Groupon (NASDAQ:GRPN) has dead money written all over it. And next week’s earnings announcement isn’t likely to change a thing — just like the previous dozen reports. But because GRPN stock will grab Wall Street’s attention for a day, let’s take a fresh look at its chart to see if there’s at least a trade to be had.
If I wanted to get you excited, I’d mention Groupon’s year-to-date gain of 23% and point out that it’s trouncing the Nasdaq Composite so far. But then I’d have to admit to some sleight of hand and concede that if you go back any further Groupon looks terrible. Days when the broader market is basking at new record highs have to be particularly painful for shareholders tiring of Groupon’s disappointing ways.
Even with the rousing start to 2020, the stock remains a far cry from its 52-week high, let alone its all-time high above $26.
GRPN Stock Chart
It’s hard to analyze the long-term chart of a stock that has lost 90% of its value and come up with anything positive to say, but I do I have a few items bulls can cling to. Groupon stock lost all of its value in the first year following its 2011 IPO. Since then, it’s spent seven years on a circuitous route to nowhere. Hence the “dead money” reference earlier.
Despite last month’s sharp rise, Groupon still finds itself stuck beneath a falling 50-week and 200-week moving average. Furthermore, we haven’t seen a break of a weekly resistance pivot since 2017. January’s rip carried GRPN stock to a crucial ceiling near $3.10. If we can pop above it, then the weekly trend will finally turn mildly bullish.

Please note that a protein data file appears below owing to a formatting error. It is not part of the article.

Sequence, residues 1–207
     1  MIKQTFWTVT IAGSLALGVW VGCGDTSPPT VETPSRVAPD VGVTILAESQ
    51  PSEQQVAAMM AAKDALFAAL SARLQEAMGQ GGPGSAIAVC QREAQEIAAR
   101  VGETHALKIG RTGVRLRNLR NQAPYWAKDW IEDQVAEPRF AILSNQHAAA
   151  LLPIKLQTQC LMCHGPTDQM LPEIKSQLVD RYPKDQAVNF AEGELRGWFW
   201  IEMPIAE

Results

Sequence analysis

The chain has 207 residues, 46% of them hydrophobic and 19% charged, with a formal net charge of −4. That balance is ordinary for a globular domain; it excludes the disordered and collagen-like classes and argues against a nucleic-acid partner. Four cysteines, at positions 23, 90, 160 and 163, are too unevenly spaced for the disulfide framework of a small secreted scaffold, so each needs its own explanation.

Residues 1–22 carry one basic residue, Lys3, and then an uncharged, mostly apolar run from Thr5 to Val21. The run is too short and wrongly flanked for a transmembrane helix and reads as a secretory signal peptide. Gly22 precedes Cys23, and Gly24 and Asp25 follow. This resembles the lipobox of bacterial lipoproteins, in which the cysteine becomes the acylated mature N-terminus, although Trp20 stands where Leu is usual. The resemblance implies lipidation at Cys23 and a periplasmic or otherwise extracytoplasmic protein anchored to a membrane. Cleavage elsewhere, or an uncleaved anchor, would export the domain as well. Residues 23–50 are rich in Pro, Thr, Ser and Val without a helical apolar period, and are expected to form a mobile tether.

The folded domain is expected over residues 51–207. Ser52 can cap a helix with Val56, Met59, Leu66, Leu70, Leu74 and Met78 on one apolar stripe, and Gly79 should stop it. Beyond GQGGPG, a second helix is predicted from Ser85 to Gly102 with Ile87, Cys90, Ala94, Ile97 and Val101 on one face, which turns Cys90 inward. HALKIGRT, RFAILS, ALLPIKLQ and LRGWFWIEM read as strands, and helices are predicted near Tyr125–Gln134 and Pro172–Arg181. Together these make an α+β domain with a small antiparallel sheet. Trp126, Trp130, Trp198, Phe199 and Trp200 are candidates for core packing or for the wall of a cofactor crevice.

Momentum is supporting the bid for change. Note the relative strength indicator in the accompanying chart. Though Groupon made a lower low in December, the RSI indicator made a higher low, forming a bullish divergence. If you’re a bull looking for a ray of hope, then this is it.
The RSI provides further reason for optimism on the daily time frame. January’s ascension in price jammed the RSI into overbought territory for the first time in a year. That’s the type of strength needed to turn what has otherwise been a dismal trend higher.
Because I’ve been schooled in the dark arts of technical analysis, I rarely dabble with fundamental data. But it doesn’t take a CFA to spot that Groupon lacks any earnings growth whatsoever. The past four earnings announcements have yielded earnings per share of 10 cents, 3 cents, 1 cent and 1 cent again. That’s a trend headed in the wrong direction, friends. And unless something dramatic changes about Groupon’s story, I see little reason to invest for anything more than a short-term trade.
If the RSI has you itching to bottom fish, then at least wait for a push above $3.16 to bring more significant buyers into the fray. Until then, steer clear.
As of this writing, Tyler Craig didn’t hold positions in any of the aforementioned securities. For a free trial to the best trading community on the planet and Tyler’s current home, click here!